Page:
I never claimed to be big on luxury, but I am admittedly a bit eclectic. You can compare the living, dining, and sleeping accommodations at your own leisure. At Fraser Suites, we were able to get a free upgrade to a 1-BR suite, free buffet breakfast, and full kitchen with washer/dryer for the price of a typical chain hotel. I think you will catch the drift. The bathroom in Emei was edited so you wouldn’t see the details of the floor toilet conveniently integrated directly below the shower, but the room did have, as the Brits say “an ensuite bedroom”. We came back to Fraser Suites in Chengdu and I finally got my shower. The difference in 24 hours is what bears consideration, and what a shock it is to my system. I think I deserve a “Diversity in Accommodation Award” at least for yesterday and today.

Day 55: I’m a Travelin’ (Wo)man…

…made a lot of stops..all over the world. Having completed over 80% of my 68-day itinerary, almost 25,000 miles, nearly 20 stops, numerous hotels, flights and train trips, I feel a sense of exhilaration. Top three experiences: the tour of Uzbekistan, the Northern Silk Road in China, and the German Class in Dresden (not necessarily in that order). All exceeded my expectations. Obviously the people I met in each location made each experience unforgettable.

And now…it’s time to move to the fourth and final segment of the itinerary. I’ll be continuing through Chengdu, Guangzhou, and Hong Kong. I lived there for seven years from 1976-1981, and Gee Kin and I met there, so it is a very special place for us. I can’t wait to see old friends who are still there.

In pausing, I’d like to give a lot of credit for this trip to my family for supporting me and giving me the wings to fly. They are each very special people and unique in their own ways. So a big fat smooch each to Melissa, Julianne and Gee Kin. By putting my words into actions, I hope I can be a role model for them and others.

A few quick do’s and don’ts from lessons learned in traveling solo or with friends:

1. Organize your bag according to rooms in your house and how you use things in them: BR, bath, kitchen, etc. I use a lot of kitchen implements like a set of plastic fork, spoon, and knife to do most in-room dining for those unexpected, can’t be bothered moments to avoid eating out. Plus the knife comes in handy and passes security control.
2. Pack a box of tissue flat as a pad for your Ipad or computer.Use it as you go.
3. I use a nail clipper to cut and make my own band aids. They cost pennies if you buy them uncut and in sheets and you can make them any shape you need. The nail clipper also gets you around the scissor-weapon issue at airport security.
4. Be careful when taking trams and trains. Check to make sure that you know the end destination of the line, or you may end up in a completely different part of town!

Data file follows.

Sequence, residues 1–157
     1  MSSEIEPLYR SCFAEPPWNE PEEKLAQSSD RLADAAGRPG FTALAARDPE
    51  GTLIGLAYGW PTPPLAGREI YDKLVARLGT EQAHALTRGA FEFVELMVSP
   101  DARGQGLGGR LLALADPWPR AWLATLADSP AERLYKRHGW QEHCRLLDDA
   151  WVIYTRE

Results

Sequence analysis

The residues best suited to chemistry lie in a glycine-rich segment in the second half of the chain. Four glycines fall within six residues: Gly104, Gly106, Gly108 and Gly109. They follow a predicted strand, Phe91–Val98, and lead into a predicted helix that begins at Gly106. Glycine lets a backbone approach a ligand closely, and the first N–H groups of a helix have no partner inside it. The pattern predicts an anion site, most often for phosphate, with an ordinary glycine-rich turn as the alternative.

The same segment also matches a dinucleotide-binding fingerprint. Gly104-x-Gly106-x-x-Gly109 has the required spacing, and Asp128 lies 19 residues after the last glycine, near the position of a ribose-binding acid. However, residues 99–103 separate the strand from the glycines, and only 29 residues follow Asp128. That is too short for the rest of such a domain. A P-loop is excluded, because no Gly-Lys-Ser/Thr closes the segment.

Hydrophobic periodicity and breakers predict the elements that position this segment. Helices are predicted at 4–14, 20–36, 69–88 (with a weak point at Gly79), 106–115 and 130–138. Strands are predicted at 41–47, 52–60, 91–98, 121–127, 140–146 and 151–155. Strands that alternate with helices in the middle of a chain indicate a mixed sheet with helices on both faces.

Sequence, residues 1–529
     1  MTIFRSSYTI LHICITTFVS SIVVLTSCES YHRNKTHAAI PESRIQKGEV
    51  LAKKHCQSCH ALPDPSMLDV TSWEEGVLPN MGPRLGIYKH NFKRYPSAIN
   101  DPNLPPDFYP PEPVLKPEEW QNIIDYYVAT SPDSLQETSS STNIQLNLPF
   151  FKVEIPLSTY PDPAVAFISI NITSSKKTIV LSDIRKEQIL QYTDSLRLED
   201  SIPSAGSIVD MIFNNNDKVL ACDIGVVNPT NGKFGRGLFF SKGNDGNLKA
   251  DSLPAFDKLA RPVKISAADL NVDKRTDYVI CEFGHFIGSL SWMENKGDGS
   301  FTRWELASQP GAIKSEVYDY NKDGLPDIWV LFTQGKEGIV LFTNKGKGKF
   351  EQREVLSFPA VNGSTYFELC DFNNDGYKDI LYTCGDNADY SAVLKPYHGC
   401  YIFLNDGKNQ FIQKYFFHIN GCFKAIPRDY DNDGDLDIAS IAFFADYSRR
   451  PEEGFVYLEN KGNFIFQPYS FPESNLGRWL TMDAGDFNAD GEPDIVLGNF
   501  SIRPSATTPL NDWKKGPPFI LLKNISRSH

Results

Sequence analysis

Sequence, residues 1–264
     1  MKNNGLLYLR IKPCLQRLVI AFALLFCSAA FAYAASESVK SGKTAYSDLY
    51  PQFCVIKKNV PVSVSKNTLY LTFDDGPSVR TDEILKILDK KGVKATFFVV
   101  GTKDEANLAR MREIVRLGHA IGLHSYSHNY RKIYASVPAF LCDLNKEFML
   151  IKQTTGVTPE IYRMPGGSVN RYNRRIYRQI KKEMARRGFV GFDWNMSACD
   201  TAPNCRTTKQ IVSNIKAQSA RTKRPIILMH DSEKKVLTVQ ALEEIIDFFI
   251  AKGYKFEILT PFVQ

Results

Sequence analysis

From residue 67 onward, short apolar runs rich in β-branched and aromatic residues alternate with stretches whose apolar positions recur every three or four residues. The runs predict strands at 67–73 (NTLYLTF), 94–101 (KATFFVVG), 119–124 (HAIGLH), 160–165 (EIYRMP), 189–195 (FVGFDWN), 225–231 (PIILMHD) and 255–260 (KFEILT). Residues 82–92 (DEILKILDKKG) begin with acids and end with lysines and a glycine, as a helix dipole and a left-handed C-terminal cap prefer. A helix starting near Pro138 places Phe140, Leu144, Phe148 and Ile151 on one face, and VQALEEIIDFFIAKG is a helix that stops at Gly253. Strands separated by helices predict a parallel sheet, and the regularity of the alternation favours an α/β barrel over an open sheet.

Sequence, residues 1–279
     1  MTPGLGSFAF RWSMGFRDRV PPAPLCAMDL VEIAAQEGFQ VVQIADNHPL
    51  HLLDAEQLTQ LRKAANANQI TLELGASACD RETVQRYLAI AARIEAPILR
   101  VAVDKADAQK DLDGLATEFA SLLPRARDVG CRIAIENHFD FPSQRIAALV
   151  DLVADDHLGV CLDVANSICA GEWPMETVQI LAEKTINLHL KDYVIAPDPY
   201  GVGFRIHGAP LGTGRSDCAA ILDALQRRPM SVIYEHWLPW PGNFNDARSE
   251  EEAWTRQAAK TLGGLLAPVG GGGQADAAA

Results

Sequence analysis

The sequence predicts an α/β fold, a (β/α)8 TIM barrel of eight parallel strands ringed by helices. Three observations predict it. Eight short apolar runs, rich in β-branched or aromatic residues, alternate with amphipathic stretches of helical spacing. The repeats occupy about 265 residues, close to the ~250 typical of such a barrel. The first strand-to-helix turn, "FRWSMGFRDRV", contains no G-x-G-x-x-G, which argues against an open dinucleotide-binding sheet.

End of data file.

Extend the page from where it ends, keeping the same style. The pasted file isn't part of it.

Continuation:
5. Never be in a hurry when checking the next train or bus schedule.
6. Never, never, never take shortcuts near train tracks.
7. Don’t be without a cell phone.
8. Never have the batteries die or be close to dead before or after you take a train in the wrong direction.
9. Never be too sure you can meet someone even after you have just confirmed that you are meeting them in an hour.
11. Do not be in a remote location where there is no cell phone coverage.
12. Do not travel when it is getting dark.
13. Never trust your own judgment.

Minor point: in having executed 4-13 above in the span of 2 hours (between 7:30 and 9:30pm at an undisclosed location), I can vouch for the necessity to avoid these incidents at any cost, particularly when they are combined. Fortunately, one additional “do”: Do trust that your friend will be patient and wait for you, even if you are a complete flake and end up being over an hour late just because you were stupid enough to think that you knew what you were doing and didn’t.

About Posting Hell: I submit to defeat. Unless you are signed into WordPress.com as a subscriber to my posts, you will probably not see the posted photos. I am having a WordPress moment. If I haven’t exasperated you with these latter day posts, try going to Instagram and checking vifongit posts for the photos from
Day 54: Dunhuang City Museum. This is an experiment.

If it works, I will continue to post photos there. The photo captions, unfortunately, may not jive with the list of captions. This may be the only alternative that will get me to the end of the trip. Let me know if this alternative via Instagram is working for you in the comments. I will really appreciate getting feedback, as I am not able to see what you are seeing for the time being.
Profuse apologies to anyone who has been frustrated by the lack of visual elements. This was unanticipated!

Day 51: Thing for Thina